The ever shrinking armament of Fort Sumter

In April, 1863, Fort Sumter repulsed an attack by Federal ironclads using forty-four guns. After that crisis past, the fort received a few new heavy guns. By the end of June, the fort bristled with sixty-four guns and four mortars. While General P.G.T. Beauregard would have preferred more of the heavy guns, particularly Brooke rifles, the fort remained a formidable obstacle blocking Federal attempts to reach Charleston harbor.

But with the Federals in possession of the southern two-thirds of Morris Island, the handwriting was on the wall. As a harbor defense, Fort Sumter’s days were numbered. Starting in July, Beauregard directed the reduction of Fort Sumter’s valuable heavy ordnance. If the Federals were soon to reduce the work, better to salvage those guns for work elsewhere in the harbor defenses.

According to John Johnson, who was a lieutenant during the campaign, serving as an engineer, and later wrote The Defense of Charleston Harbor, at the time of the August bombardment, Fort Sumter’s armament was reduced to thirty-eight guns and two mortars:

  • West flank barbette – two IX-inch Dahlgren guns
  • North-west face barbette – two 10-inch columbiads, two 8-inch columbiads, and four 42-pounders.
  • North-eastern face barbette – two 10-inch columbiads, and five rifled 42-pounder.
  • East flank barbette – one XI-inch Dahlgren and four 10-inch columbiads, one 8-inch columbiad, one 7-inch Brooke, and one rifled 42-pounder.
  • Gorge barbette – five rifled 32-pounders and one 24-pounder.
  • Salient casemate – three rifled 42-pounders.
  • Lower tier casemates on northwest and northeast flanks – two VIII-inch Dahlgrens and two 32-pounders.
  • Parade field – two 10-inch mortars.

Colonel Alfred Rhett provided a table detailing the distribution of Fort Sumter’s guns from the start of July through early September:


First line down, the XI-inch Dalhgren was one of those recovered from the USS Keokuk earlier that spring.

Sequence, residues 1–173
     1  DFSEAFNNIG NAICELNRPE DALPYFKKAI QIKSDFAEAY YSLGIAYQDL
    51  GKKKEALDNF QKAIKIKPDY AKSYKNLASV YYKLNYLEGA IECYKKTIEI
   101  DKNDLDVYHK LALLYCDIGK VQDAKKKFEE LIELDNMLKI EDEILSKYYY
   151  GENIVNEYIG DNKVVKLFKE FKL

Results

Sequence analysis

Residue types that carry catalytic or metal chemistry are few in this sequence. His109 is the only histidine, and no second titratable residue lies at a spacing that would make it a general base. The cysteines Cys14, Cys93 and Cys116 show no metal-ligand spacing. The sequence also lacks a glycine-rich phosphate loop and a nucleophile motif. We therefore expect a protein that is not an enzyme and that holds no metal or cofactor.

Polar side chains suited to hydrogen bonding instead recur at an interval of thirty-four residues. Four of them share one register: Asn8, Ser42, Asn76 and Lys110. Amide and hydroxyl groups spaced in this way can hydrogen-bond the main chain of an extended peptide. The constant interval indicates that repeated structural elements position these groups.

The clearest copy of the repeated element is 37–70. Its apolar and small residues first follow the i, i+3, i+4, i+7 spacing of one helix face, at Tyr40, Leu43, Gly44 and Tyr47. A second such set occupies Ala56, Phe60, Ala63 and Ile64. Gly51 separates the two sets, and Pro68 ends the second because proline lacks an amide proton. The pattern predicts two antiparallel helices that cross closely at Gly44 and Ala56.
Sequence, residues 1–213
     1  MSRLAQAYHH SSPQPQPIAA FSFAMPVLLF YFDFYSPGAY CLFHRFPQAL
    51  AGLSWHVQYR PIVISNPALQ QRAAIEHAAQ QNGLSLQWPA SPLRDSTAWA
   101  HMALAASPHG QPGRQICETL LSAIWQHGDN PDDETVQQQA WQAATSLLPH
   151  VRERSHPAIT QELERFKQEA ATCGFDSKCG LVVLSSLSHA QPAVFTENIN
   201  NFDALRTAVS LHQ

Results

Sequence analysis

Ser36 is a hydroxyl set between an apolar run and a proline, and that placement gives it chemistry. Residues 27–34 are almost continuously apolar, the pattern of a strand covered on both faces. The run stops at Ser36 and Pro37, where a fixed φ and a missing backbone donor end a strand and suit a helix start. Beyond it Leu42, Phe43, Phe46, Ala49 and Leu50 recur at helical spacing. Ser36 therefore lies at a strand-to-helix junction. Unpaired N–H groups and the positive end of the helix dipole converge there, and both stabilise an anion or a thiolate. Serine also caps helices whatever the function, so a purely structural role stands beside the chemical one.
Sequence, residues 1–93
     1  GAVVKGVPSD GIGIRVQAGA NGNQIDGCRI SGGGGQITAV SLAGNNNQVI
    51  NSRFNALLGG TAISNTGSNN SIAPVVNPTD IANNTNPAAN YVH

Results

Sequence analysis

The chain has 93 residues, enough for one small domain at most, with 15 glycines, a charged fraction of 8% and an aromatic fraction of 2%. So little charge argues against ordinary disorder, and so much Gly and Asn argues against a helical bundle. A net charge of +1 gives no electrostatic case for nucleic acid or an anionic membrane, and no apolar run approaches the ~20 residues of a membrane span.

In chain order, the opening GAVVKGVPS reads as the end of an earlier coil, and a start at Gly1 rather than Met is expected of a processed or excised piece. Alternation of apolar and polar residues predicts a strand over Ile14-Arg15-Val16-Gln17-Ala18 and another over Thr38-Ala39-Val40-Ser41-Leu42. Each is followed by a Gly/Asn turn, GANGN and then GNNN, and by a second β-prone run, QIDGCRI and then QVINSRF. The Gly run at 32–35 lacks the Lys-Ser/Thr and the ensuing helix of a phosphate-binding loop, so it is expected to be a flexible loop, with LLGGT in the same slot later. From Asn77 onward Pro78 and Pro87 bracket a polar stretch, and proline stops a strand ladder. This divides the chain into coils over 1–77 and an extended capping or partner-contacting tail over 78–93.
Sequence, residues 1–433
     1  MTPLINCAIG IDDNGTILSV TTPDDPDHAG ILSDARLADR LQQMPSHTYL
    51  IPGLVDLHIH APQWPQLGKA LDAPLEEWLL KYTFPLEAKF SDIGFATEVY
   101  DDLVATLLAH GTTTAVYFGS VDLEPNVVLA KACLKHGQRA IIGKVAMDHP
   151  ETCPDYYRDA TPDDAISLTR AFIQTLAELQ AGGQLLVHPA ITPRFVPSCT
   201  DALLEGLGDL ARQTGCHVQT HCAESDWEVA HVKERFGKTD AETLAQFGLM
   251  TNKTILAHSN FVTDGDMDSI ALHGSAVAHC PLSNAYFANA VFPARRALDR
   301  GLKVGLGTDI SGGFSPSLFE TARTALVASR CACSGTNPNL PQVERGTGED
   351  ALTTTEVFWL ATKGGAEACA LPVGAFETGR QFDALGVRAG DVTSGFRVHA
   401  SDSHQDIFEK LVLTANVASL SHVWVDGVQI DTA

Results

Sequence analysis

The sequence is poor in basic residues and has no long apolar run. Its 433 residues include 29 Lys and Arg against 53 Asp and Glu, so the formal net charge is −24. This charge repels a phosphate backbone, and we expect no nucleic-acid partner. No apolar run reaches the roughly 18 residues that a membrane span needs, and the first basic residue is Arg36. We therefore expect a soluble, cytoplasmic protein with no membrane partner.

In his remarks about this table, Rhett explained the “left uninjured” weapons were buried in the fort’s remains. Most of those, he felt, were actually injured but could not confirm. At the time of this report, just before the evacuation of Battery Wagner, only one 32-pounder smoothbore, on the northwest casemate tier, was operational. All the remaining guns were buried, incapacitated, or transferred out of Fort Sumter.

The disarming of the Fort Sumter gave some sectors of the Confederate defenses a much needed boost. The biggest beneficiaries of the distribution were the batteries on James Island. The fourteen guns going to the batteries there included eight columbiads, a Brooke rifle, and four VIII-inch shell guns. A dozen guns went to the batteries in Charleston itself, finally giving the inner harbor a credible defense. Four more columbiads on Sullivan’s Island added weight to that flank’s already formidable armament. But a mortar and a rifled 32-pounder transferred from Fort Sumter would end up among the weapons given up in the withdrawal from Morris Island.

As these guns came out of Fort Sumter, the Confederate engineers filled casemates and other open spaces with sand and other materials to buttress the fort’s walls. Quaker guns kept the Federals from knowing the exact details about the fort’s disarmament. By the first week of September, Fort Sumter was little more than a symbol of defiance, lacking its former position as the centerpiece of the Charleston harbor defenses.

Published by Craig Swain

"Historical marker hunter" and Civil War enthusiast.

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